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Larcomar is especially crowded during sunset, and visitors will spend time at the sky deck watching the sun set over the Pacific Ocean. The view is exceptionally beautiful and the deck is a perfect place to unwind after a long day.

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Address: Malecón de la Reserva 610, Miraflores 15074, Peru
Opening hours: 11AM to 10PM

5. Catch a traditional Peruvian Paso Horse and Dance Show 

Peru is well-known for its Paso horses, which have a four-beat gait that make for an extremely comfortable ride. A visit to Peru wouldn’t be complete without experiencing the beauty of these horses! For this, we visited Hacienda Mamacona, which was located a 20 minute drive from the city centre.

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Our visit started off with a performance by the gauchos on their horses, and we were given an extremely delicious welcome drink, complete with some fried fritters. The weather was perfect! The show was translated into English as well, and at the end of the session we had the chance to try riding the horses.

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After the performance, we had a delicious buffet lunch at the dining area! The spread was super extensive and we ate… and ate.

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After lunch, we roamed about the hacienda to take some photos. There were also blankets for us to just lie on the grass and snooze – perfect holiday activity!

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Getting to the hacienda from Miraflores is most convenient by taxi. We should share a very unpleasant experience here, though – we were cheated by a taxi driver who refused to let us disembark when we had agreed on the price beforehand. Luckily, the owner of the hacienda came to our rescue. Anyway, taxi scams are quite common in Lima so it is advisable to get the driver to write out the amount he is charging you and keeping that as proof, in case of any dispute. We learnt to be wiser after the incident :p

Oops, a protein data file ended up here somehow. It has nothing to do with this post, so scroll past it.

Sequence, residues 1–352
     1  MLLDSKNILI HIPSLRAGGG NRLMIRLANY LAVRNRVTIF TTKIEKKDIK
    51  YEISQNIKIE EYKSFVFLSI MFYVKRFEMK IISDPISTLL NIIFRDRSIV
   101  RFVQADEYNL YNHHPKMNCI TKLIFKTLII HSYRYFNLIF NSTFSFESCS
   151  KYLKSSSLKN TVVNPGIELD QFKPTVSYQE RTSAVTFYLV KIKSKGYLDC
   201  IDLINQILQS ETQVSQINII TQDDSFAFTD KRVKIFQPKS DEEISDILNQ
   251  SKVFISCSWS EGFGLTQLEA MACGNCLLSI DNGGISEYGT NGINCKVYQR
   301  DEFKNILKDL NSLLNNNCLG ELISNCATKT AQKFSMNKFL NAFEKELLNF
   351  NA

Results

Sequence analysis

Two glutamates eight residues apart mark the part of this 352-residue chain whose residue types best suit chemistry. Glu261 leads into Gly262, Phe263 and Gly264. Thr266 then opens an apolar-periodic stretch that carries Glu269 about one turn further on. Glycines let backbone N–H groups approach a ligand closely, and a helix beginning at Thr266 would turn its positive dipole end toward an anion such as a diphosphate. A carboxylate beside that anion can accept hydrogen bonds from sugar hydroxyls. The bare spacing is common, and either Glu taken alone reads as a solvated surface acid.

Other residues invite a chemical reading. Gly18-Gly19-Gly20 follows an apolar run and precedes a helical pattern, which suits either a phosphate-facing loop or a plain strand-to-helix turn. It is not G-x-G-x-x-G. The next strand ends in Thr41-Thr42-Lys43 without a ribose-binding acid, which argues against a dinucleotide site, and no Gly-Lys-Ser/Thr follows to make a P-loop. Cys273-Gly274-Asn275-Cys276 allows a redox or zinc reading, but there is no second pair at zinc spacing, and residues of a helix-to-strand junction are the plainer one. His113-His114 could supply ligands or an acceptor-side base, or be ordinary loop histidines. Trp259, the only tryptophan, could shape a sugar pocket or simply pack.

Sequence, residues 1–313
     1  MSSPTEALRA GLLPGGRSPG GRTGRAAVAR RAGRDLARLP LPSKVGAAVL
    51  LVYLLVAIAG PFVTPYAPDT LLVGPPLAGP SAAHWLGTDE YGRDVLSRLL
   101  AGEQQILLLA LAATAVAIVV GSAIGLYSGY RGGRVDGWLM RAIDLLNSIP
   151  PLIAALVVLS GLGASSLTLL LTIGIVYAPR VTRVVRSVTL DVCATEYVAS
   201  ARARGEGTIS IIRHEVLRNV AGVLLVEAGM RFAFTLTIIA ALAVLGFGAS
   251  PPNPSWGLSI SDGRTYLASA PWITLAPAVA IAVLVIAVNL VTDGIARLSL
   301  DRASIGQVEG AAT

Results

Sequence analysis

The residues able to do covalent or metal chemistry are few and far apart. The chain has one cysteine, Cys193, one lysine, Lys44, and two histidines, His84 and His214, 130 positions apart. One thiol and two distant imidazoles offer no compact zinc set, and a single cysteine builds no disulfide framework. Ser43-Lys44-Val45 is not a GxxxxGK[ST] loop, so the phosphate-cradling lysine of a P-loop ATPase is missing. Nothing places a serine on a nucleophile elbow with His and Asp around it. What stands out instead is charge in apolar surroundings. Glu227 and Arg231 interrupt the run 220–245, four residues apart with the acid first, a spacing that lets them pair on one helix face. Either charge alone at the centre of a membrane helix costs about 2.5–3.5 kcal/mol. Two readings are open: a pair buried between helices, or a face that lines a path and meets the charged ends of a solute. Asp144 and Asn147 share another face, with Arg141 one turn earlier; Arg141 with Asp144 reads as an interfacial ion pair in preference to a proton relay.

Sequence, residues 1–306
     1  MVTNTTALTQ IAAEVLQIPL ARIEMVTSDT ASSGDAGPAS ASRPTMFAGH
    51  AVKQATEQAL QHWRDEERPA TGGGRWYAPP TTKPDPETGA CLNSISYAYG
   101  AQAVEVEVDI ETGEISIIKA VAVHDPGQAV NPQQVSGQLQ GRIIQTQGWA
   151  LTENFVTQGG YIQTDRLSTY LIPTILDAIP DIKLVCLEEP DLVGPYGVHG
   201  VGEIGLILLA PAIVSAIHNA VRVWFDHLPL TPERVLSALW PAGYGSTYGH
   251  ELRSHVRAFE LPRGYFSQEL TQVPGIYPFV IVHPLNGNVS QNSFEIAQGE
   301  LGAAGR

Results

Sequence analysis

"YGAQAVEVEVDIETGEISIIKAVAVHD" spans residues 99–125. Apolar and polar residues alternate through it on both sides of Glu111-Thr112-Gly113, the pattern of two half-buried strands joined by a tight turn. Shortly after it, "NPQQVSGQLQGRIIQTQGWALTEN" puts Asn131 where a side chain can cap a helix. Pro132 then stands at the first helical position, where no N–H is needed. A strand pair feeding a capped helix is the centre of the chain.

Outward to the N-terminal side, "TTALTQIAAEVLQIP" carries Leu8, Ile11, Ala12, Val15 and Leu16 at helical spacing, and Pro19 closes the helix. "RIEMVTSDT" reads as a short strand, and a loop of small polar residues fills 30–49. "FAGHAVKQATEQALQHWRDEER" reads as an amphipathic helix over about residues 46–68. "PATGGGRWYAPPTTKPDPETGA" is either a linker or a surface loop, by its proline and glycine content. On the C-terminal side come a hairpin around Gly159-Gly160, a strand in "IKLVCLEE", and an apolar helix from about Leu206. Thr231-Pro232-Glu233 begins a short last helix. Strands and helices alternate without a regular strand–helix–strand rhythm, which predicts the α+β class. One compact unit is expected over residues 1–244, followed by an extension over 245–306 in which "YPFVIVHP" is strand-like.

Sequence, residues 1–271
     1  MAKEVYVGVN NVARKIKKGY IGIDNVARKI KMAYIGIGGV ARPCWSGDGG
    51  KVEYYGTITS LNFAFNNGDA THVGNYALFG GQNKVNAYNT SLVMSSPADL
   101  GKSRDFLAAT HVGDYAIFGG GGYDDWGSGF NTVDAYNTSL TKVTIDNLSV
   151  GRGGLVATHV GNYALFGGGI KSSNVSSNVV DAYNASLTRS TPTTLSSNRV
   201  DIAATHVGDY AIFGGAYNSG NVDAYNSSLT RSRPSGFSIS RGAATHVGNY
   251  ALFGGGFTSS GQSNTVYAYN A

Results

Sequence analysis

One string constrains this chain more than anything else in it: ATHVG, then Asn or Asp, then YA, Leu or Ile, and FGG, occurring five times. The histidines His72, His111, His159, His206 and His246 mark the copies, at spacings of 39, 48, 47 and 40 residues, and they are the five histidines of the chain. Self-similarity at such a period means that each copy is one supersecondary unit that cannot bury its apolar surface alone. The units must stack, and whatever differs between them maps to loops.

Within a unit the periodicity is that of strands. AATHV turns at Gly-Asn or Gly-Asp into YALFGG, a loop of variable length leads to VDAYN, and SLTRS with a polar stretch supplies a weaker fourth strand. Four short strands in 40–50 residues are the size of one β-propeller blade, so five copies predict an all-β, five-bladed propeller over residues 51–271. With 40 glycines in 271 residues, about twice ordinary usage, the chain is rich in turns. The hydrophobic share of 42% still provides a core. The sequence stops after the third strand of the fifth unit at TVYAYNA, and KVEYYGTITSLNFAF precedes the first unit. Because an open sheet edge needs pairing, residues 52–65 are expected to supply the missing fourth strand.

AddressAlameda Mamacona s/nLima Lima 37, Peru
Verdict2bd1ec238e4d5c5864d2a75bf086f07c_cubs-directory-archive-paw-clipart-bobcat-paws_703-690 2bd1ec238e4d5c5864d2a75bf086f07c_cubs-directory-archive-paw-clipart-bobcat-paws_703-690 2bd1ec238e4d5c5864d2a75bf086f07c_cubs-directory-archive-paw-clipart-bobcat-paws_703-690 2bd1ec238e4d5c5864d2a75bf086f07c_cubs-directory-archive-paw-clipart-bobcat-paws_703-690 2bd1ec238e4d5c5864d2a75bf086f07c_cubs-directory-archive-paw-clipart-bobcat-paws_703-690

6. Eat fresh at the Mercado (Market)

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The mercado is where locals go to for the freshest produce, including fruit, raw meat, vegetables and even flowers. In recent years, it has become a tourist attraction in itself. The market also houses several stalls selling cooked food and drinks for breakfast and lunch. These are extremely popular with the locals as they are affordable and tasty.